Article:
Smartwatches seem all the rage these days, with more models continually appearing. The advent of wearable-specific platforms, such as Android Wear, gives developers a chance to create interesting apps, but first they have to learn something about how smartwatches behave in a real-world environment.
For those working on a limited budget, a good place to start would be the Chronos development kit from Texas Instruments. The kit, along with substantial free software support from TI, provides a starting place for developers new to this kind of wearable computing. It's admittedly a first-generation design, without the graphics capability that Android Wear requires, but it still offers plenty of opportunity.
For example, the Chronos was reportedly the basis of smart watches used in the recent World Cup soccer matches in Brazil. The nets were monitored with high-speed cameras that would determine whether the center of the ball passed the plane of the net's opening. The sensors would then send an alert to officials wearing a Chronos to let them know whether a goal had occurred. However, their use by officials was optional. Such technology is new and not yet fully trusted in soccer.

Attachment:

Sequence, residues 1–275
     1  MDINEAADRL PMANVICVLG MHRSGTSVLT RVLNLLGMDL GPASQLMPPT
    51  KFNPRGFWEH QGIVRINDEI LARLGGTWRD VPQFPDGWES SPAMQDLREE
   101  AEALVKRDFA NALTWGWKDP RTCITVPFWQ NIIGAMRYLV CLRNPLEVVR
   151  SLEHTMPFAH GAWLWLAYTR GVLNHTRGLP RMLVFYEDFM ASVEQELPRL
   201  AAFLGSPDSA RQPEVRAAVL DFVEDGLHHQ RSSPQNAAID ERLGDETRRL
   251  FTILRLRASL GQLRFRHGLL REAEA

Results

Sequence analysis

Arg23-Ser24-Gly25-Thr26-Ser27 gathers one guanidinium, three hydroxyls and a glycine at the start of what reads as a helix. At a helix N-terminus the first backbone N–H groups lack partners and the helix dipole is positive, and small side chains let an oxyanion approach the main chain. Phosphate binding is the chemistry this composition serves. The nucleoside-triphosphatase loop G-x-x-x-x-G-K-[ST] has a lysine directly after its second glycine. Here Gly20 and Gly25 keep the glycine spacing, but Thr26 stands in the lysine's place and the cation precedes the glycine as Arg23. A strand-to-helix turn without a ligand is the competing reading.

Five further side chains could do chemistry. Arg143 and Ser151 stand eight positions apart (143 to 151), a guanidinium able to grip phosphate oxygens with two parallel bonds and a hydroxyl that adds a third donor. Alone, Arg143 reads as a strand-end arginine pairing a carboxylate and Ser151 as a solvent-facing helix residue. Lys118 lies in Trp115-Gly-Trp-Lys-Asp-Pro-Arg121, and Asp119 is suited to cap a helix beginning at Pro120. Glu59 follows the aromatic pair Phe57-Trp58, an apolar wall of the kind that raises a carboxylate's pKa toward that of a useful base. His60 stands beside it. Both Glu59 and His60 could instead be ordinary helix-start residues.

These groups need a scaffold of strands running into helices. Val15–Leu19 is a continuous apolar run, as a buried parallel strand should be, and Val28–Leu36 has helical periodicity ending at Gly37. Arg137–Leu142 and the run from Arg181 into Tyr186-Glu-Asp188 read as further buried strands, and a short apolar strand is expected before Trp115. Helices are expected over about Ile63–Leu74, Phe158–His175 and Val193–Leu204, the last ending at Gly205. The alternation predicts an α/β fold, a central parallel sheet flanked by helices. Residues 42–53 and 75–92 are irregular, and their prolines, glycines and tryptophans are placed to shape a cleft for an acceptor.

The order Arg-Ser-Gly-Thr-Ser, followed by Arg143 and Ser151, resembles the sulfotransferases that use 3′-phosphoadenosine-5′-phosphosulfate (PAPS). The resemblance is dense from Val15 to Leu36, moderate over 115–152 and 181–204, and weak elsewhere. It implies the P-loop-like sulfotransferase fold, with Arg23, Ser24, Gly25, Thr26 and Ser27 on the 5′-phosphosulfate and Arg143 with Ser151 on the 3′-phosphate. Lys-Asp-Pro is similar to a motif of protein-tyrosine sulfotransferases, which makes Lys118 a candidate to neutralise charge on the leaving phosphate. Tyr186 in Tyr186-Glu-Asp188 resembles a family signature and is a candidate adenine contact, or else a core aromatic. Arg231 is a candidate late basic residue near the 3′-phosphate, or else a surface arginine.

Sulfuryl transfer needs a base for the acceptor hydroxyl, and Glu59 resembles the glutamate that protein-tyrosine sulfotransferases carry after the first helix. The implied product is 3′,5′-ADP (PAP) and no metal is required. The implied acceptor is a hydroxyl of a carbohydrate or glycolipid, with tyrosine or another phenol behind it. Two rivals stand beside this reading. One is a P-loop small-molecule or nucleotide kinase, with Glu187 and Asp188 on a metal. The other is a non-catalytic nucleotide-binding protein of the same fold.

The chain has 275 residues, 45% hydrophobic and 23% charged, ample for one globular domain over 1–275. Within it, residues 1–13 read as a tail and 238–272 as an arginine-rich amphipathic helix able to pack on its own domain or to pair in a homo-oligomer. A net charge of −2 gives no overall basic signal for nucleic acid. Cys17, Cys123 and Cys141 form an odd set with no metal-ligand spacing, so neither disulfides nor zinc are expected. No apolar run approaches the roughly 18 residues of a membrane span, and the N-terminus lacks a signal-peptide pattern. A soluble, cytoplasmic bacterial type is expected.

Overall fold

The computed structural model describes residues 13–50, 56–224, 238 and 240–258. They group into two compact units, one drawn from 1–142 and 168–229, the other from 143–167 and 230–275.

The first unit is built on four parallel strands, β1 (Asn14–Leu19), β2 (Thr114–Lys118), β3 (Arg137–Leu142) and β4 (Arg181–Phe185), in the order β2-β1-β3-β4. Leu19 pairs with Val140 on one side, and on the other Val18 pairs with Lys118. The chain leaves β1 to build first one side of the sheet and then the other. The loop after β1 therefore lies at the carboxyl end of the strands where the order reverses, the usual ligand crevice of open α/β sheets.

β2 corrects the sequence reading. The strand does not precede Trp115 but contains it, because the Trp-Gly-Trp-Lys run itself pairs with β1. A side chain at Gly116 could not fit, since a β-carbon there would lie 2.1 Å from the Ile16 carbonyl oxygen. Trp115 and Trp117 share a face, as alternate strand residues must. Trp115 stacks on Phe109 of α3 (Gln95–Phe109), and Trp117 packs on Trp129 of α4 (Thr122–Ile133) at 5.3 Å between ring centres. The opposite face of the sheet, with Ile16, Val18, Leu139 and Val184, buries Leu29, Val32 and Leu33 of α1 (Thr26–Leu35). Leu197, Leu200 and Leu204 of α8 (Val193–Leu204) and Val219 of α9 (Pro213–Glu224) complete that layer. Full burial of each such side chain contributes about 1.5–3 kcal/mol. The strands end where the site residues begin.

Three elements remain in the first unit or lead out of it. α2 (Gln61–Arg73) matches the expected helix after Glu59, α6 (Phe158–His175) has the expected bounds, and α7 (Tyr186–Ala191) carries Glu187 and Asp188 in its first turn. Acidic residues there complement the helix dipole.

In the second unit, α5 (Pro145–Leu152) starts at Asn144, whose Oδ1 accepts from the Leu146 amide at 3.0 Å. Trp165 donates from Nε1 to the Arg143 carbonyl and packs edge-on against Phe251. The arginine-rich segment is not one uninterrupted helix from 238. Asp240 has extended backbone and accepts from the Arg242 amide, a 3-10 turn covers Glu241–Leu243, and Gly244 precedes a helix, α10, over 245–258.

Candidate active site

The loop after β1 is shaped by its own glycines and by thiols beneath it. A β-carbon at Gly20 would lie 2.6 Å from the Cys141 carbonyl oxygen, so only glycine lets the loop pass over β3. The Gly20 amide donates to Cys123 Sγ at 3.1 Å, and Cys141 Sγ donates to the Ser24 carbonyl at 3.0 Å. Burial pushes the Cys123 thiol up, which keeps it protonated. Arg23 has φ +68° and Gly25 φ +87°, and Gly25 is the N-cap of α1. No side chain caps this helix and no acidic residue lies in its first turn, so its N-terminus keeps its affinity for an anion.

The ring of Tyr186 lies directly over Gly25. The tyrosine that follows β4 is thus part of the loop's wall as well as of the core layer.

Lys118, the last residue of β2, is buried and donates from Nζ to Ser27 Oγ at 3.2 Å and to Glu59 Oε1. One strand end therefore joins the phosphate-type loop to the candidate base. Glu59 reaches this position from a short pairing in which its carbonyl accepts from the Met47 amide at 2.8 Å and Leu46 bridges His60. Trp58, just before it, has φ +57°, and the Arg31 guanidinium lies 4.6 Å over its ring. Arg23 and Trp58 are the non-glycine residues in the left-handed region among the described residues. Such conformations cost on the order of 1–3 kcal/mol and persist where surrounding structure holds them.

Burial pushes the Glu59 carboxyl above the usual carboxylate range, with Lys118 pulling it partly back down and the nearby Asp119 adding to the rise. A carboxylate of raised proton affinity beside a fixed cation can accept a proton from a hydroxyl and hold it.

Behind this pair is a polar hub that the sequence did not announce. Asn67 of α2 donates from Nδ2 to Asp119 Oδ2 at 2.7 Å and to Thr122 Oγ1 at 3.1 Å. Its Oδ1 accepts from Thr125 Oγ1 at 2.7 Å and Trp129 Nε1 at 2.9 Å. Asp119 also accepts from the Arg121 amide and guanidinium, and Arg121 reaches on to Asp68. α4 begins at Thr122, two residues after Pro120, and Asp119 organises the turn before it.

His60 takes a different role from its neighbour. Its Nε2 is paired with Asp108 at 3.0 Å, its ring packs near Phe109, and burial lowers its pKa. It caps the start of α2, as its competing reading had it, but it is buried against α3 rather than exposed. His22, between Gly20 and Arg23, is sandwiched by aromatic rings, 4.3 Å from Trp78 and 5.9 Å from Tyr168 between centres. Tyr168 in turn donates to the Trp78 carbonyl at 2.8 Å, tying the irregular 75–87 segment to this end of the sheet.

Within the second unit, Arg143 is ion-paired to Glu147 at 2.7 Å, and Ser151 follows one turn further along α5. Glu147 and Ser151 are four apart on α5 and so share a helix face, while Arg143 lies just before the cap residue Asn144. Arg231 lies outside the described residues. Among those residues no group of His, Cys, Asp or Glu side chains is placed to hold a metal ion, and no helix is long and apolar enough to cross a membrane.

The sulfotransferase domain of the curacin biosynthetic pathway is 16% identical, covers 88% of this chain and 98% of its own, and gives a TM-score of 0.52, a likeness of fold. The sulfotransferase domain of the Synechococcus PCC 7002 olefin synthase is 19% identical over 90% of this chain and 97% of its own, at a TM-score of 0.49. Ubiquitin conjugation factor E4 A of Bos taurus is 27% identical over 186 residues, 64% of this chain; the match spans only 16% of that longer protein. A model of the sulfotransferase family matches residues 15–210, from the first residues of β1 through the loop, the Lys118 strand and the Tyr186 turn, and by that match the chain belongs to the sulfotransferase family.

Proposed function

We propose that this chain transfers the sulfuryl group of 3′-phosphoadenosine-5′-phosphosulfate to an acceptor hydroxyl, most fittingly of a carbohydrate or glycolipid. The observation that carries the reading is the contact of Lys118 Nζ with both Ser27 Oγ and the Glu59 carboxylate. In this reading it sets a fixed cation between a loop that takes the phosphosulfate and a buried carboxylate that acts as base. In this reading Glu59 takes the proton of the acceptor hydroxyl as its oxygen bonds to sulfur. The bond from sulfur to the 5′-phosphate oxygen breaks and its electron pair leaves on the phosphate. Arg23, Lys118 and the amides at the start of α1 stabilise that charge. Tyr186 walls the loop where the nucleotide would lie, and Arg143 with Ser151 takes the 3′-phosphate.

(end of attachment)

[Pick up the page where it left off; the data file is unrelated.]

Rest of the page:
Anyway, we wanted to show you how the TI Chronos is put together, so we took one apart. Click the image below to start the slideshow of the TI Chronos teardown, then use the Next link to move through the images.
The TI Chronos kit gives developers the chance to create their own smartwatch and applications. Introduced in 2011, the kit still has applicability for app developers trying out new ideas. It is available with several different wireless frequency options for around $60. A reference design is
available from TI.
— Rich Quinnell, , Editor in Chief, IoT World